Immunization

In addition to routine vaccinations such as tetanus, the Centers for Disease Control (CDC) recommend hepatitis A, hepatitis B, typhoid and rabies inoculations, along with malaria prevention for visitors to both Zimbabwe and Zambia. A yellow fever vaccine is also required for visitors to Zambia who are traveling to South Africa or have been in transit for more than 12 hours in a country with a risk of Yellow Fever transmission. Make sure you start the process for immunization a few months before you travel. Most vaccines take time to become effective, and some must be given over several days or weeks. Check the CDC website for further information and discuss specifics with your doctor.

See Both Sides of Victoria Falls

The falls can be viewed from the Zambian (Livingstone) and Zimbabwe (Victoria Falls) sides. Activities are mostly the same in both countries, but the views are different. No matter which side you stay on, plan time for a half-day or full-day trip to the other side.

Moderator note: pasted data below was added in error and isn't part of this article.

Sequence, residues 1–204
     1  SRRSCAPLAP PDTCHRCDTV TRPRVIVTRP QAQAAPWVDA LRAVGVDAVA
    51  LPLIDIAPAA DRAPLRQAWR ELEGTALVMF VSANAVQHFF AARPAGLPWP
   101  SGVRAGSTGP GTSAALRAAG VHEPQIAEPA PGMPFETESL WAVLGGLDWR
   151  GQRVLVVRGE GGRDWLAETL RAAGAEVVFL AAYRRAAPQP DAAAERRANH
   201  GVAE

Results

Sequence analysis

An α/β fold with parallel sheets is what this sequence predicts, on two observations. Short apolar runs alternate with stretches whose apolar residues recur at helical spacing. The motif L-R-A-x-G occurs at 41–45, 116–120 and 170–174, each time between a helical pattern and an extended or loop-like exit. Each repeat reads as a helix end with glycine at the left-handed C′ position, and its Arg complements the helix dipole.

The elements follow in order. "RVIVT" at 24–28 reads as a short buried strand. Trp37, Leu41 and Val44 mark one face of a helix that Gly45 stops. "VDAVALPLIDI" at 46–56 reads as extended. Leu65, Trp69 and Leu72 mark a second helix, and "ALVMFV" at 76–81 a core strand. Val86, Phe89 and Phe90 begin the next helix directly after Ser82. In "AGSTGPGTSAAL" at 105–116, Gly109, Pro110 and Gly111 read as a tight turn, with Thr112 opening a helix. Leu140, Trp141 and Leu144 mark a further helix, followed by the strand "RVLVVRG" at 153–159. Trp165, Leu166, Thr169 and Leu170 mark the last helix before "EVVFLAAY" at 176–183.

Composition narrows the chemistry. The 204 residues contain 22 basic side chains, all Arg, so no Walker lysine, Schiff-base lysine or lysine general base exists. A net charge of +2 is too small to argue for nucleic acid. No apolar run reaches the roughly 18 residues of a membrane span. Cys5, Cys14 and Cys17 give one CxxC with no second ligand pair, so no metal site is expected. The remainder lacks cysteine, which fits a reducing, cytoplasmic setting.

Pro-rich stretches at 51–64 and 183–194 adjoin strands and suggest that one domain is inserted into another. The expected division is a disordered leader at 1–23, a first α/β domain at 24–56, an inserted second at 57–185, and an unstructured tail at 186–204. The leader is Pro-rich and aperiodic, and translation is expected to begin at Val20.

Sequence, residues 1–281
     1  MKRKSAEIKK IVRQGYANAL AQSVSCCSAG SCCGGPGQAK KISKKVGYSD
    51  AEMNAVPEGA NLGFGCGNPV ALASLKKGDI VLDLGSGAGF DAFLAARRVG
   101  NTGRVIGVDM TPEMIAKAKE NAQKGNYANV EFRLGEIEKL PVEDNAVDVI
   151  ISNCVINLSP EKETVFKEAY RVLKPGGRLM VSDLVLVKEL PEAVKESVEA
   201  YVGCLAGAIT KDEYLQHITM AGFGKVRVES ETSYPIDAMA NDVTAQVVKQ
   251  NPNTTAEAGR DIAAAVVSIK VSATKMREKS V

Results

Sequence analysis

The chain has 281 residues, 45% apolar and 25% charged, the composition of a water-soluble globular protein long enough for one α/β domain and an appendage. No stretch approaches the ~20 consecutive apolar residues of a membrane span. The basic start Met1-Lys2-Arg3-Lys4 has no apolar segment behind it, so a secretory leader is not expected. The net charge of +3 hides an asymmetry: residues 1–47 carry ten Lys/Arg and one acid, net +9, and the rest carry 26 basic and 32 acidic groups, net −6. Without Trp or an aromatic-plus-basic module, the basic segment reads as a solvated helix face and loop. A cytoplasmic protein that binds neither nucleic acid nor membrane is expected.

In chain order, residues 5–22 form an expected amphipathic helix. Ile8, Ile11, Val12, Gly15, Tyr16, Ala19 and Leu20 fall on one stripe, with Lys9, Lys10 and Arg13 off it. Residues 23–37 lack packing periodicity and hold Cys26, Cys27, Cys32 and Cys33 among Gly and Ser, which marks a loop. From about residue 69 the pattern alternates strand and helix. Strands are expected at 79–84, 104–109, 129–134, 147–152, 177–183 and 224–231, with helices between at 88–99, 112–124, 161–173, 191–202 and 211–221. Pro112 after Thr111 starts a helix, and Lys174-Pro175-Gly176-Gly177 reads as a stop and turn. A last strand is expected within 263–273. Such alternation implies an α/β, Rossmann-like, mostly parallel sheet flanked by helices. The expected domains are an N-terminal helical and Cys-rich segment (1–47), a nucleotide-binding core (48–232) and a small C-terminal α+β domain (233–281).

• Zambian side: Boasts a stellar footbridge over the gorge. You can walk down to the Boiling Pot to see the falls from below. It also offers microlighting—riding in miniature aircraft that fly over the falls. Livingstone is larger than the town of Victoria Falls, more spread out and is not within walking distance of the falls.
  • Zimbabwe side: Features footpaths that overlook two-thirds of the falls, so the views are fantastic. The town of Victoria Falls is in easy walking distance of the falls.

Go Local

To get a feel for local culture, venture out of your lodge. At the central Dambwa Market in Livingstone, you’ll find handmade crafts along with produce and exotic fruits like mahuluhulu (delicious grapefruit-sized fruit with sweet, succulent pulp) and mubuyu (a tangy cross between a grapefruit, vanilla and pear) from the baobab tree. For a wide range of local crafts, including basketry, stoneware, tribal masks, walking sticks, jewelry and animal carvings, visit the Mukuni Village Curios Craft Market, in a traditional village near Livingstone. If you want to get away from the crowds, check out the Mukuni Park Curio Market instead. A visit to the Wayi Wayi Art Studio & Gallery [link to: www.zambianartanddesignshow.org/projects/wayi-wayi] is also in order for beautiful jewelry and art crafted by noted artists Lawrence and Agnes Yombwe. At Wayi Wayi, you can sign up for an art class in advance to learn from locals.

Luggage